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We present first- and higher-order non-oscillatory primitive (PRI) centred (CE) numerical schemes for solving systems of hyperbolic partial differential equations written in primitive (or non-conservative) form. Non-conservative systems arise in a variety of fields of application and they are adopted in that form for numerical convenience, or more importantly, because they do not posses a known conservative form; in the latter case there is no option but to apply non-conservative methods. In addition we have chosen a centred, as distinct from upwind, philosophy. This is because the systems we are ultimately interested in (e.g. mud flows, multiphase flows) are exceedingly complicated and the eigenstructure is difficult, or very costly or simply impossible to obtain. We derive six new basic schemes and then we study two ways of extending the most successful of these to produce second-order non-oscillatory methods. We have used the MUSCL-Hancock and the ADER approaches. In the ADER approach we have used two ways of dealing with linear reconstructions so as to avoid spurious oscillations: the ADER TVD scheme and ADER with ENO reconstruction. Extensive numerical experiments suggest that all the schemes are very satisfactory, with the ADER/ENO scheme being perhaps the most promising, first for dealing with source terms and secondly, because higher-order extensions (greater than two) are possible. Work currently in progress includes the application of some of these ideas to solve the mud flow equations. The schemes presented are generic and can be applied to any hyperbolic system in non-conservative form and for which solutions include smooth parts, contact discontinuities and weak shocks. The advantage of the schemes presented over upwind-based methods is simplicity and efficiency, and will be fully realized for hyperbolic systems in which the provision of upwind information is very costly or is not available. Copyright © 2003 John Wiley & Sons, Ltd.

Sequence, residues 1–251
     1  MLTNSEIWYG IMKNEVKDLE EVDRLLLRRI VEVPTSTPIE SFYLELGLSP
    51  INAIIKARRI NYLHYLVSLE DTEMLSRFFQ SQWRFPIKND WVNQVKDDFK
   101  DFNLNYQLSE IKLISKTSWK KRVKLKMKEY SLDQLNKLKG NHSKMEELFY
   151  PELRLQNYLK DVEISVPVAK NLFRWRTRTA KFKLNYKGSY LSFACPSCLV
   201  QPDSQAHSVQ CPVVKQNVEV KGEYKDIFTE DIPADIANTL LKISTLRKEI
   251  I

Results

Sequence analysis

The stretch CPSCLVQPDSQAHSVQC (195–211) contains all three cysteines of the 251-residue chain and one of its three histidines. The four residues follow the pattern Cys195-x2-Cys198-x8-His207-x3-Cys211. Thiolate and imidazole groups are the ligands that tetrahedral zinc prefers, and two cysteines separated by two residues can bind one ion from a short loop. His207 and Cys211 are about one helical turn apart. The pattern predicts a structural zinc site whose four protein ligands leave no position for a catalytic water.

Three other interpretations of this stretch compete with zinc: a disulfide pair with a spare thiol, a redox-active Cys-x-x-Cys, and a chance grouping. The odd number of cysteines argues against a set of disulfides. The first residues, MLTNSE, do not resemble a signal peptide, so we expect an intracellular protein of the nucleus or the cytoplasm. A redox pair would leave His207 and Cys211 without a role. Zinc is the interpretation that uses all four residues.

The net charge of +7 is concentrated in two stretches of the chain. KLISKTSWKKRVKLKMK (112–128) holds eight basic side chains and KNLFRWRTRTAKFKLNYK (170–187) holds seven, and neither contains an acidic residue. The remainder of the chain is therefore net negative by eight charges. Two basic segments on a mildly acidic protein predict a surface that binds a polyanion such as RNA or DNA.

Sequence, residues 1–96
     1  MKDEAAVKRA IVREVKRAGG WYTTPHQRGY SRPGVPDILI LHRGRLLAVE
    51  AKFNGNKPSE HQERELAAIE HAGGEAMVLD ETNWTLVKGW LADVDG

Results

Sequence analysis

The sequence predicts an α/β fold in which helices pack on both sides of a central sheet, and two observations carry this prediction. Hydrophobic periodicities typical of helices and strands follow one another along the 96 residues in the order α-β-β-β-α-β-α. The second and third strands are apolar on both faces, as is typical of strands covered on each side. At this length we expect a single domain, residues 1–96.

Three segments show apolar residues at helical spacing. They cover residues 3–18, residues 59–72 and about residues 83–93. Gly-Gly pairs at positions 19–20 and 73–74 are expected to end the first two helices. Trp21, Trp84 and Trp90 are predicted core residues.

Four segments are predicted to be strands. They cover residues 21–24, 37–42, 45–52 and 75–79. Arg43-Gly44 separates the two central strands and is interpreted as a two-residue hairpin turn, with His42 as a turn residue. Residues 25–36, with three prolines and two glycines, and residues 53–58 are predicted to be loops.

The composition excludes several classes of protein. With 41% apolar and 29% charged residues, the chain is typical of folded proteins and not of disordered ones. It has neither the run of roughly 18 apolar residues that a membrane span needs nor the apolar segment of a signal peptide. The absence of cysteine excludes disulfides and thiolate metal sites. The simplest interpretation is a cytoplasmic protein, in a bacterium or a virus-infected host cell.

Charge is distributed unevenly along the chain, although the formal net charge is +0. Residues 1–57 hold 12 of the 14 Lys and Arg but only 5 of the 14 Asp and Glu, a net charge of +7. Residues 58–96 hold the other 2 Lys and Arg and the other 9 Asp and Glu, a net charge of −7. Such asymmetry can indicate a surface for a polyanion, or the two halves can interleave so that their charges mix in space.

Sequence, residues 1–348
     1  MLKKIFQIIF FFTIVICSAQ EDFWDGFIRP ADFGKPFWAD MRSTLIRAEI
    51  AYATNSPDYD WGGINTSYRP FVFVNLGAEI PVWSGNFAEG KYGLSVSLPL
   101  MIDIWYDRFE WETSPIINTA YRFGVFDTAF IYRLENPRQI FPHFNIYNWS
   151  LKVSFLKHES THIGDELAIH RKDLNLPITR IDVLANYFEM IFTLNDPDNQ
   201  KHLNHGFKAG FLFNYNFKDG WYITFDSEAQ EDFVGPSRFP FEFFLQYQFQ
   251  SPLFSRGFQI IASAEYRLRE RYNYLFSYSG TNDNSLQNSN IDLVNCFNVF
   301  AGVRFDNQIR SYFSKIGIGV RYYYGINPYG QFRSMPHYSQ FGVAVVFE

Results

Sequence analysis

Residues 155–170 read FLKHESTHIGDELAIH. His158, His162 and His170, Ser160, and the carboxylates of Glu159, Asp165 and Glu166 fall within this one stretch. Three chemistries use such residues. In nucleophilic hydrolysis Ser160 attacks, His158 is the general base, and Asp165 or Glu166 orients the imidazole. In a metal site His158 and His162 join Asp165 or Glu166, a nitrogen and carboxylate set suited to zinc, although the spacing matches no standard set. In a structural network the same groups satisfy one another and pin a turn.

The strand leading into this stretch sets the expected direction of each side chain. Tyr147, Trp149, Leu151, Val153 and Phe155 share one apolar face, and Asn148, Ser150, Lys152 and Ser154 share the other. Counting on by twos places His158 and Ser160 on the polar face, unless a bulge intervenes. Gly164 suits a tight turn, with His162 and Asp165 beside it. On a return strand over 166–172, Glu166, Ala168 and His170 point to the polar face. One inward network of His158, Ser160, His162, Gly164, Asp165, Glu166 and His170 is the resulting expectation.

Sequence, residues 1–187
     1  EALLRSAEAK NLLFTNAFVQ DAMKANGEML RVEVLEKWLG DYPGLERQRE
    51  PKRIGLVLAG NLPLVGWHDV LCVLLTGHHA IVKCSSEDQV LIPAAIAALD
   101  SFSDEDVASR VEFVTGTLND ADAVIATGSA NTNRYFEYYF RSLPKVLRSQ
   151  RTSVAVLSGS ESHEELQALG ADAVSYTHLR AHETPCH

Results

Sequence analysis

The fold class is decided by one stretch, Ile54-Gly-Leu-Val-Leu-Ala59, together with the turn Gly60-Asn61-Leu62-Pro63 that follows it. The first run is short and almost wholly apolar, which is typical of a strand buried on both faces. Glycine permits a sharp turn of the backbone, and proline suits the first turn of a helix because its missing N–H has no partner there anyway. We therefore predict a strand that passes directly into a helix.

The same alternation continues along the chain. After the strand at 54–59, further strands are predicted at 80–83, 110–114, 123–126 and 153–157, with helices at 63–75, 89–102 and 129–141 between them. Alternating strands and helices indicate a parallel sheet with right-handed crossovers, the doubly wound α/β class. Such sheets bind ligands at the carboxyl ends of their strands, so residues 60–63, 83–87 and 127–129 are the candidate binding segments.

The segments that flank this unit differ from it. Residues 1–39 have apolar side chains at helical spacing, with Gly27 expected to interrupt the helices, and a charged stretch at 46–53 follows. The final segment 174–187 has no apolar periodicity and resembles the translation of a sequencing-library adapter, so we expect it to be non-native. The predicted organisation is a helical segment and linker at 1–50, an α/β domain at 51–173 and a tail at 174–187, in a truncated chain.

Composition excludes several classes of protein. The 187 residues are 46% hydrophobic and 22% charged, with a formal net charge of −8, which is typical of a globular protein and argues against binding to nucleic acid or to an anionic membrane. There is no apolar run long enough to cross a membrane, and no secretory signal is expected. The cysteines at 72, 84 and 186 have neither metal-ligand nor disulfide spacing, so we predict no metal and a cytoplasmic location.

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The missing contact surface in the approximate Riemann solver of Harten, Lax, and van Leer is restored. This is achieved following the same principles as in the original solver. We also present new ways of obtaining wave-speed estimates. The resulting solver is as accurate and robust as the exact Riemann solver, but it is simpler and computationally more efficient than the latter, particulaly for non-ideal gases. The improved Riemann solver is implemented in the second-order WAF method and tested for one-dimensional problems with exact solutions and for a two-dimensional problem with experimental results.
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The equations of hydrodynamics are modified by the inclusion of additional terms which greatly simplify the procedures needed for stepwise numerical solution of the equations in problems involving shocks. The quantitative influence of these terms can be made as small as one wishes by choice of a sufficiently fine mesh for the numerical integrations. A set of difference equations suitable for the numerical work is given, and the condition that must be satisfied to insure their stabilty is derived.